BT-13 Valiant

The “Valiant” was the basic trainer most widely used by the United States Army Air Force (USAAF) during WWII. It represented the second of the three stages of pilot training—primary, basic and advanced. Compared with the primary trainers in use at the time, it was considerably more complex. The BT-13 not only had a more powerful engine, it was also faster and heavier. In addition, it required the student pilot to use two-way radio communications with the ground, operate landing flaps and a two-position variable pitch propeller.

Nicknamed the “Vibrator” by the pilots who flew it, the BT-13 was powered by a Pratt & Whitney R-985 engine. But to counter the shortage of these engines early in the BT-13 production program, 1,693 Valiants were produced in 1941-1942 with a Wright R-975 engine and were designated as BT-15s. By the end of WW II, 10,375 BT-13s and BT-15s had been accepted by the USAAF.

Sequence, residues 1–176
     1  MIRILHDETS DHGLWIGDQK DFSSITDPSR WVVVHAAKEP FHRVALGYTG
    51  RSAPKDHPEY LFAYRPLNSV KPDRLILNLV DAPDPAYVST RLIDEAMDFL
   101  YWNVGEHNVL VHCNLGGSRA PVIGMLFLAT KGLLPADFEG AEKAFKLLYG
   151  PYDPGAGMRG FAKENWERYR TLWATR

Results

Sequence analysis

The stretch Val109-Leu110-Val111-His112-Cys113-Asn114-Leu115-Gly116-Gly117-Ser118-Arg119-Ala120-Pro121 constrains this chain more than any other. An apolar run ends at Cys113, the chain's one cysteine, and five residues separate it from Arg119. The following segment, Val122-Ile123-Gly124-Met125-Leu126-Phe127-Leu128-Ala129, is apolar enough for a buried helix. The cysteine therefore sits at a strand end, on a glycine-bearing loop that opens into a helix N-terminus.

Serial Number: 42-1639
First Flight:
March 1939
Late 1960s
Crew: 2
Payload: -
Powerplant: 1x Pratt & Whitney R-985-An-1 air-cooled radial
28 ft 10 in
42 ft
11 ft 6 in
Empty Weight:
3,375 lbs
Loaded Weight:
4,496 lbs
Maximum Speed:
180 mph
Cruise Speed:
135 mph
Range: 725 mi
Service Ceiling: 21,650 ft
AMC Museum Restoration Crew Chief: Bill Lee

Assignment History

The assignment history for the Air Mobility Command Museum's BT-13 Valiant, serial number 42-1639:

Date Location
13 Jan 1943 Delivered to United States Air Force
13 Jan 1943 to 3026th AAF Base Unit, Merced AAF, CA
Jan 1945 to 3021st AAF Base Unit (ATC), Las Vegas AAF, NV
7 Apr 1945 to Reconstruction Finance Corp. facility, Phoenix, AZ and dropped from USAF inventory as surplus
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